Monday, November 18, 2013

Traditional Turkey Stuffing by Jannine Gallant

Let's face it, Thanksgiving is about one thing, and one thing only. Eating! Okay, it's also about family getting together and spending a little time remembering what we're thankful for, but this is squeezed in around the main event--eating. Seems like I spend the majority of my day in the kitchen. Lucky for me I'm thankful I like to cook! So, when considering blog topics, I decided I should post a traditional recipe. Easy peasy--right? Wrong. Not one single dish our family makes at Thanksgiving is written down except the pumpkin pie, and I'll admit I use the recipe off the Libby pumpkin label! Oh, and the cranberry sauce, perfected to my taste over years of tweaks. But I posted that one last year. So, here goes, my attempt to write down our family's stuffing recipe. My grandma used to make it. My mom makes it. I make it. It always comes out the same despite the fact there's no recipe and no one ever measures anything. I do promise it's simple, traditional and delicious!

Traditional Turkey Stuffing

1 lg. loaf of crushed wheat bread
1 can low sodium chicken broth (approx.)
1 turkey neck - sounds disgusting but keep reading
1 lg. onion
2 sticks of celery
1 apple
2 Tblsp. butter or margarine
1 Tblsp. parsley flakes
2 tsp. rubbed sage
1 tsp. marjoram
1 tsp. thyme
1/2 tsp. celery seed
salt and pepper to taste (at least a 1/2 tsp. of each, probably more)
poultry seasoning (optional)

Prep stage: 1) Cut up the bread into cubes--four strips down and four strips across make the right size. Spread them out on cookie sheets and toast under the broiler, turning cubes when they start to brown. Keep a close eye on them so they don't burn--always my downfall! Cool then place in a large bowl. 2) Meanwhile, use the neck from your turkey, add a can of chicken broth and simmer for about a half hour. Discard neck and reserve broth. 3) Chop onion, celery, and apple. Saute in butter until soft, about 20 minutes. These three steps can be done simultaneously if you can multi-task. (The reason I frequently lose a batch of bread cubes!)

Assemble: Add sauteed vegies to bread cubes. Add herbs and seasonings through salt and pepper. Keep in mind the above measurements are approximate but a good starting point. Add enough broth to moisten the bread but not make it soggy, a little at a time. Stir and adjust. You may not need all the broth. You may need to add a little from a second can. When you have the right consistency, taste. At this point, I've been known to cheat and sprinkle in a little poultry seasoning if I think it still needs something. Mix well. Spoon stuffing into your bird. It should fill a large turkey. If you have extra, bake it separately for about an hour with a little butter on top, covered.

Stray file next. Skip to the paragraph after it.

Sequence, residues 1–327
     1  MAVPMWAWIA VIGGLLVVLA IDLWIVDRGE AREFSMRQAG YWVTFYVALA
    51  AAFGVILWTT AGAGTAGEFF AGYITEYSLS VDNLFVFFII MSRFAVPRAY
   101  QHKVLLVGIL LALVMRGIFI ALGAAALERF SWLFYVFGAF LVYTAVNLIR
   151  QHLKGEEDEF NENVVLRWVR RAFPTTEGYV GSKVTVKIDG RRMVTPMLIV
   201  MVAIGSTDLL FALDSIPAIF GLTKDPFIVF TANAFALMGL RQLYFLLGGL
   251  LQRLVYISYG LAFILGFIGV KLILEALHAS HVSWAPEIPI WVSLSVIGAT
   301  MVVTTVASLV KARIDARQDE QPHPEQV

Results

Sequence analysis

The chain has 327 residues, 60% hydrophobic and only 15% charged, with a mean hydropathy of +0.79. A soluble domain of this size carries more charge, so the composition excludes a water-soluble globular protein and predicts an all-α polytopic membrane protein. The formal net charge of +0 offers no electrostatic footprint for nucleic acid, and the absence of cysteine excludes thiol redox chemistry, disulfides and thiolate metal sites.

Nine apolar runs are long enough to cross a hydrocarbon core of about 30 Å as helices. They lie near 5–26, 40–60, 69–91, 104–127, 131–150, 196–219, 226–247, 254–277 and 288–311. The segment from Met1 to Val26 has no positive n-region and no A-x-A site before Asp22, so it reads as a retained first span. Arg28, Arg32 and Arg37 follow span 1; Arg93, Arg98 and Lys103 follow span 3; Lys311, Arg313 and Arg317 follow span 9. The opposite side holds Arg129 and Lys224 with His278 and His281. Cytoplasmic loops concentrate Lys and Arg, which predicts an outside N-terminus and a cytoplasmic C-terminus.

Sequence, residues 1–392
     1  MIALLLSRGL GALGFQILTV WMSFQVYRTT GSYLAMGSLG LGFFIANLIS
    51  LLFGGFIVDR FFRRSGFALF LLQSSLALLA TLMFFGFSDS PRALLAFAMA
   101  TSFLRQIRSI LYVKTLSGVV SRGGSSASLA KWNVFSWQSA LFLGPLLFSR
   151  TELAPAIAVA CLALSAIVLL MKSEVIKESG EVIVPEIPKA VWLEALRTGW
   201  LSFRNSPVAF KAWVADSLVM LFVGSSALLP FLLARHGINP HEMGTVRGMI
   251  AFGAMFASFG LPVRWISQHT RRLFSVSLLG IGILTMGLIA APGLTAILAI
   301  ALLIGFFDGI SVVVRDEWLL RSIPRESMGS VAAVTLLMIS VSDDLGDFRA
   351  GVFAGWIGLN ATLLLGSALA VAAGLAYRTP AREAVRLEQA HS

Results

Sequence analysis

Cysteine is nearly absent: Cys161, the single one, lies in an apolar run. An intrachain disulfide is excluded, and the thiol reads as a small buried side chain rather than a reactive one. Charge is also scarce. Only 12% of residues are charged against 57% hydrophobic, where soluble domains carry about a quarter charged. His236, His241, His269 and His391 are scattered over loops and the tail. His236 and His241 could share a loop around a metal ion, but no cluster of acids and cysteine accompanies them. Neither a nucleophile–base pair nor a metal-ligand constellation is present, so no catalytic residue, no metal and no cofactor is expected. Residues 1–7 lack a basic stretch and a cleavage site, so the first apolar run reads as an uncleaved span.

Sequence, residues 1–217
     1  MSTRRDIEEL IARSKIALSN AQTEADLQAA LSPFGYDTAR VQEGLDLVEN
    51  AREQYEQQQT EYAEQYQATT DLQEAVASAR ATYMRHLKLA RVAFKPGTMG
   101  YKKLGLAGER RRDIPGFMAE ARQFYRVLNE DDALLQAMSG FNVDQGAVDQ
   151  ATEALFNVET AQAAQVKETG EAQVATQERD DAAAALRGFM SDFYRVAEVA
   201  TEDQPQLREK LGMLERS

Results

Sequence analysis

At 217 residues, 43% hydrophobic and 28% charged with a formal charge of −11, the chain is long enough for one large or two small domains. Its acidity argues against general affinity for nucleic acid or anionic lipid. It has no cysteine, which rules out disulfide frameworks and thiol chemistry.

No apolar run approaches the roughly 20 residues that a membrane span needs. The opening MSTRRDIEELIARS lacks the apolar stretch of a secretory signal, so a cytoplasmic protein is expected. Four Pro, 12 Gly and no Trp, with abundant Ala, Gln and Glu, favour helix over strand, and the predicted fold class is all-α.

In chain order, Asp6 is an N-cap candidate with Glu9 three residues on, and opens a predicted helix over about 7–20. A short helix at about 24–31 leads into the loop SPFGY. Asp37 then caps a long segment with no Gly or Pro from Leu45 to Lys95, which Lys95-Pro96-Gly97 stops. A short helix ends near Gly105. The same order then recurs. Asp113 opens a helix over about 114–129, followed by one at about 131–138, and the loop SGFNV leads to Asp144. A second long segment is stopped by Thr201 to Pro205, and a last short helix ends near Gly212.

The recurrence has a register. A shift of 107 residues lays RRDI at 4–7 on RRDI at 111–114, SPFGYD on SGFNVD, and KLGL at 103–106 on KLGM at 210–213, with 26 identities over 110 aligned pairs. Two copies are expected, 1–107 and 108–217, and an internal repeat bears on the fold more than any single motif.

That's it. Enjoy! I wish you and yours a happy and tasty Thanksgiving. And just in case you can sneak in a little reading time around all that cooking, check out my books on my website. Happy Holidays!


Vonnie Davis ~ Romance Author said...

I love turkey stuffing, but have never made it with chopped apples. I might try adding them this year after reading your recipe. Sounds kinds crunchy, yummy. Have a great holiday, hon.

Jannine Gallant said...

Actually, they soften with the celery and onion, but they give the stuffing a touch of sweetness that's really yummy. You have a great Turkey Day, too, Vonnie.

Margo Hoornstra said...

A little late getting here today, sorry. Sounds very tasty. Can I try making it with store bought bread cubes? Just asking.

Jannine Gallant said...

Margo, I don't see why not. Saves you the step of burning a batch like I do!

Alicia Dean said...

Sounds delicious. I always just make Stove Top stuffing because we love it, and all the other things I make take so long. I cut corners where I can. :) I also enjoy cooking (and eating) and having the family over. Since my mom went into a nursing home, holidays are held at my house, and I love it.

Jannine Gallant said...

We'll be at my mom's for Thanksgiving this year, but she doesn't mind when I take over her kitchen! LOL Enjoy your holiday, Ally.

Barbara Edwards said...

we don't throw away the cooked neck. My kids would fight over who got to eat the meat off of it.
sounds delicious.

Jannine Gallant said...

That's too funny, Barbara. I've picked the meat off the neck and cut it up to put it in the stuffing, but it's a pain for little gain in quality, so I don't bother anymore.

Leah St. James said...

Great recipe, Jannine! Sounds really yummy. I make the same stuffing my husband's grandma made, and I'm afraid there might be a revolt if I deviated. But I might try adding a second version to the mix!

Jannine Gallant said...

Start out small, Leah, and throw in an apple. That's about the only really unique part. Don't want your family to revolt! LOL